Ryan Reynolds “Deadpool” movie aims to showcase one of the weirdest characters in comic books to a brand new audience while also showing just how much variety there can be in the world of comic book movies.
“Deadpool” is one of the most divisive characters in the history of comic books. There are just as many people who love the motor mouthing insanity of “Deadpool” as there are people who just hate him just as much as their favorite Marvel Comics heroes. Because of this, there was a lot of mystery surrounding the upcoming “Deadpool” movie. Would it show the best sides of the character or the worst?
Now the world knows just what to expect, and it’s good news. The “Deadpool” movie, directed by Tim Miller, promises to be a weirdly wonderful unique and hilarious blockbuster packed with a lot of action and one of the best superhero origin stories that people have ever seen before.
The movie is based on a script written by Rhett Reese and Paul Wernick and it follows the life, times, and adventures of the “Merc with a mouth” Wade Wilson (Ryan Reynolds). Wilson is an ex-Special Forces operative who became the most psychotic and sadistic mercenary in the world. That is until he meets the beautiful prostitute Vanessa (Morena Baccarin), who has had just as dark and painful a life as Wade. They are drawn together by their pain and bring each other a happiness they’ve never known before. Of course, this makes just the right time for disaster to strike.
Wade discovers that he has late-stage cancer in his liver, his lungs, his prostate, and his brain. He is unsure whether he should leave Vanessa behind so that she doesn’t have to see him wither and die or stay with his love. This is also when Wade is presented with a unique opportunity. He is invited to attend a government-funded workshop that promises to not just cure him of his cancer but give him abilities beyond a mortal man. He hands his life over to the doctor Ajax (Ed Skrein) and quickly discovers that he is not going to be a superhero after all. They want him to be a super slave. He does gain incredible regenerative powers but develops horrific scars and a deep and strong thirst for revenge along with it.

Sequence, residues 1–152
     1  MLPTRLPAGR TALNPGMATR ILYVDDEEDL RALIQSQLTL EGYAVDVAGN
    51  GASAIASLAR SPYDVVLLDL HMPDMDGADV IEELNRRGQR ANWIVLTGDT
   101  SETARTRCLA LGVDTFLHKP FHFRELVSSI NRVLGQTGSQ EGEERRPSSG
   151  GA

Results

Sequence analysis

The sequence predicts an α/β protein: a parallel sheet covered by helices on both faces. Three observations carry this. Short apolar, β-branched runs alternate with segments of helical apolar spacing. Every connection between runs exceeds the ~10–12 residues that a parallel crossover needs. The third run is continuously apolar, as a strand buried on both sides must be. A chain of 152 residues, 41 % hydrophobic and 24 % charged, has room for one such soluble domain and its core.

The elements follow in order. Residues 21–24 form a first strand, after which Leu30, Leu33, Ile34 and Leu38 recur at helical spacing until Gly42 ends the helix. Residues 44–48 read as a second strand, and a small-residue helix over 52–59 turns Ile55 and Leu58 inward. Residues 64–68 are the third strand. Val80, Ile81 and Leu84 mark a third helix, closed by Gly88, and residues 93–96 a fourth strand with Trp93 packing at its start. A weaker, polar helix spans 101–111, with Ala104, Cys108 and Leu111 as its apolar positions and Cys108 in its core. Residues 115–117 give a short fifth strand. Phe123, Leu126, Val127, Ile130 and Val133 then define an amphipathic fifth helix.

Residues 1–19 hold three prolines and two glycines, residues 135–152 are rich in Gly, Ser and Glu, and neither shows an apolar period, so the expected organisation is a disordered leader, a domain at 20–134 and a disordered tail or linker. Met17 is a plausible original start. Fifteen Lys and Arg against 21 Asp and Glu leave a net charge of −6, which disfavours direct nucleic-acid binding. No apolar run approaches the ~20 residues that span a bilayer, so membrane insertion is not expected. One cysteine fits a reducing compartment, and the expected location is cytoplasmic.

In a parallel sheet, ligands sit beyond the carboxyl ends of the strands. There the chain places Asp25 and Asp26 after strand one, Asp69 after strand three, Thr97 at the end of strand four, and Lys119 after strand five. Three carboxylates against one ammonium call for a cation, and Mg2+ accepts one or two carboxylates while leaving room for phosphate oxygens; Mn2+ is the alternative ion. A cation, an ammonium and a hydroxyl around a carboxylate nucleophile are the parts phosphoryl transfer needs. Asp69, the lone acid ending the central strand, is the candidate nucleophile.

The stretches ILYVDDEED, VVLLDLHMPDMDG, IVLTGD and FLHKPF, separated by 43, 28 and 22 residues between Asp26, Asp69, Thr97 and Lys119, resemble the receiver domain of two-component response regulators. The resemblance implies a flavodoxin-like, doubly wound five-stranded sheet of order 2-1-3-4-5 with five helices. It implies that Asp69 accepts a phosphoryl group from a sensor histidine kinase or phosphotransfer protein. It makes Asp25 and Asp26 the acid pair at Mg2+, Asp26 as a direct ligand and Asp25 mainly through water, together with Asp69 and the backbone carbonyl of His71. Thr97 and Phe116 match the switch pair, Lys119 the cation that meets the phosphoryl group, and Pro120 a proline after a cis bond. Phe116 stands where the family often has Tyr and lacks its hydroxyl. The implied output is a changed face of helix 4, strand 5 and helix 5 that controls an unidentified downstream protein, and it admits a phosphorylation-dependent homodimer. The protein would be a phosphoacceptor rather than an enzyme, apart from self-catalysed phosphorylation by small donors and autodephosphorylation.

If variety is what you need to keep the comic book movie genre alive then “Deadpool” is just what the world needs. There really hasn’t been a movie quite like this before now. “Deadpool” did appear in a movie before. He was in “X-Men Origins,” along with “Wolverine,” and it was considered a huge let down by fans as he had anything interesting and unique about him removed. Instead, this film understands what makes the most beloved psycho in the world so, well beloved. It uses everything people love about “Deadpool” to give fans the R-rated spectacle they deserve, along with all the one-liners an action move needs. Everything people love about “Deadpool” is thrown into the movie. From his reckless abandon during fights thanks to his healing factor, to his uncanny ability to break the fourth wall. Everything is mixed with a fine blend of superhero cynicism to create a movie bound to please.
The writing and direction of the film really does go towards showing how much the creators know and love the character but one of the biggest weapons “Deadpool” has is Ryan Reynolds. Reynolds was given a second chance to show the world he really is the best person to play the Merc With a Mouth and proves he really is. Reynolds hasn’t had the best luck when it comes to superhero movies. He was in the aforementioned “Wolverine; Origins” and had the bad luck to be in “Green Lantern” and “Blade; Trinity.” Those fuels just help with the redemption story, this time around, though.
Reynolds thrives at the chance to babble on and on without losing a beat. He has great timing and a deep chemistry with his co-stars in the movie. Whether Wade is sharing his horrible life story with Vanessa or dealing with his weapons dealer Weasel, or making fun of the latest X-Men recruit Warhead, Ryan Reynolds proves that he was born to be “Deadpool.” He didn’t waste a second of this new opportunity to prove it and show the world he wasn’t responsible for what happened in Origins.
“Iron Man” and “Guardians of The Galaxy” showed the world that the right amount of humor makes a comic book movie go a long way. “Deadpool” is one of the funniest movies made, as well as being one of the most action packed. This is what will help it stand out among the other movies in the genre. You’d think some of the jokes have to fall flat with how much “Deadpool” talks, but he hits way more than he misses and even the smallest of characters gets the chance to really make you laugh.